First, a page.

Let’s look into each of these elements in detail.

P: Identify the Problem

People seek out physical therapy when they have a problem. The first step in documenting your treatment plan is to contextualize the problem that brought your patient into the clinic.  

Let’s say your patient has shoulder pain – obviously that’s the problem. You could write something simple, such as “The patient has 5/10 shoulder pain today.” But writing only that for every daily treatment note makes for lazy documentation. It poorly frames the rest of your note and inadequately reflects your skilled treatment. 

That’s where the R comes into play.

R: Relate to Functional Activity

Once you’ve identified the problem, relate it to a functional activity. Get in the habit of asking your patient, “Since I saw you last, what kind of activities still give you issues in your shoulder?” A question like that will yield useful answers, and you’ll learn about functional activities that are directly related to the problem. 

To include the “R” in your documentation, you could write something like this: “The patient reports improved ability to sleep on her right side but experiences sharp pain in her right shoulder when putting on a shirt.”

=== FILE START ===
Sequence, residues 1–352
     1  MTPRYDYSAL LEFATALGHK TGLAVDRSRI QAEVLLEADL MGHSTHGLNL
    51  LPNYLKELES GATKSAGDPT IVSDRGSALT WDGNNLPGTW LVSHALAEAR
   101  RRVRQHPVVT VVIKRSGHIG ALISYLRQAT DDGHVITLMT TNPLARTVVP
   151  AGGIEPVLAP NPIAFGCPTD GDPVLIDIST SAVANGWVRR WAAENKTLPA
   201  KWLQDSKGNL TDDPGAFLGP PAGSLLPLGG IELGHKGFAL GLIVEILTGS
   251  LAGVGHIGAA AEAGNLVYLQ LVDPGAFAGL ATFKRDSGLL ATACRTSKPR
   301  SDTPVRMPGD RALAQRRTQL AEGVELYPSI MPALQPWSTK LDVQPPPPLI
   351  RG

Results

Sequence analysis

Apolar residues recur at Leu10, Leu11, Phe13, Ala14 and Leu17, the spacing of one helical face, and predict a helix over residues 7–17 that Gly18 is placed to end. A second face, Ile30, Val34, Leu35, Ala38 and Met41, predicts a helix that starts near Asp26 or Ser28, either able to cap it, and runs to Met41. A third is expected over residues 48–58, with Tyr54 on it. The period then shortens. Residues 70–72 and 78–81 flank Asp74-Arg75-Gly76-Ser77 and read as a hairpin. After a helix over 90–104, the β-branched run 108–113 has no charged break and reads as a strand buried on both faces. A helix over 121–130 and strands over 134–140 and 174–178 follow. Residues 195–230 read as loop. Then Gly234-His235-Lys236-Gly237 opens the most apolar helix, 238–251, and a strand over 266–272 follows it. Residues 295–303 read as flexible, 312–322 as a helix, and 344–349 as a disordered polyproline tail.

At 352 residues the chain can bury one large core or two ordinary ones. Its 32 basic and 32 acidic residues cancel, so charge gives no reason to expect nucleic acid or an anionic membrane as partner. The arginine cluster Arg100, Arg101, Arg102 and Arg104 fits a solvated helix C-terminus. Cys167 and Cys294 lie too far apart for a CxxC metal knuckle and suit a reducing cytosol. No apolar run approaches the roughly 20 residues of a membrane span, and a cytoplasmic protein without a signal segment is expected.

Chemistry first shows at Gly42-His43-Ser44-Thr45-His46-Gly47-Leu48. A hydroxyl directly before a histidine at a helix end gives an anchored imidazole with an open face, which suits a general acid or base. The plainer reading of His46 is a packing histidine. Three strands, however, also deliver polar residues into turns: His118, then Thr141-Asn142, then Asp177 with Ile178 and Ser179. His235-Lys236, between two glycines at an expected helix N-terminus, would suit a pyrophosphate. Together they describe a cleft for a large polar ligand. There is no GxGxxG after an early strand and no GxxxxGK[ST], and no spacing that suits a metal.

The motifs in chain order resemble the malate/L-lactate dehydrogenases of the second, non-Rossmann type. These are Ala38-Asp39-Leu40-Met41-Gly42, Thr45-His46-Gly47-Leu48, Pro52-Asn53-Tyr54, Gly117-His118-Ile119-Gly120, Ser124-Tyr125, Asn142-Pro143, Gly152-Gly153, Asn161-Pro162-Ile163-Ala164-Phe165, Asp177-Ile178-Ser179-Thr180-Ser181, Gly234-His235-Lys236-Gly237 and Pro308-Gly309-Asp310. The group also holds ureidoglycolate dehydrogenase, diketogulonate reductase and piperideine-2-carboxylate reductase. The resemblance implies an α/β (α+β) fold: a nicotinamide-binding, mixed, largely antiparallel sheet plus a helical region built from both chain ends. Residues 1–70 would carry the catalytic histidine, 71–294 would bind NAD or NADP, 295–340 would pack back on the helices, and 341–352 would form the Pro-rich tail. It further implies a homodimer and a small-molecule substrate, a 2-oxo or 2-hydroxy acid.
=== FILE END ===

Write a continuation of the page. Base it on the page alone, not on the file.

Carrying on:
With the “P” and “R” in PRIMER, you’ll not only complete the Subjective portion for the day but also find something specific to work on, as opposed to repeating the same generic exercises and treatments for shoulder pain.

At this point, you’re probably 60 seconds into your treatment session. You’ve written your subjective line and come up with some treatments to address their concern. Now it’s time to begin treatment.

I: Instruct the Patient

As you conduct the treatments, you’ll instruct the patient on proper performance of exercises and show them techniques to relieve any symptoms they’re experiencing. The “I” in PRIMER reminds you to write about that in your note, within the objective and assessment sections.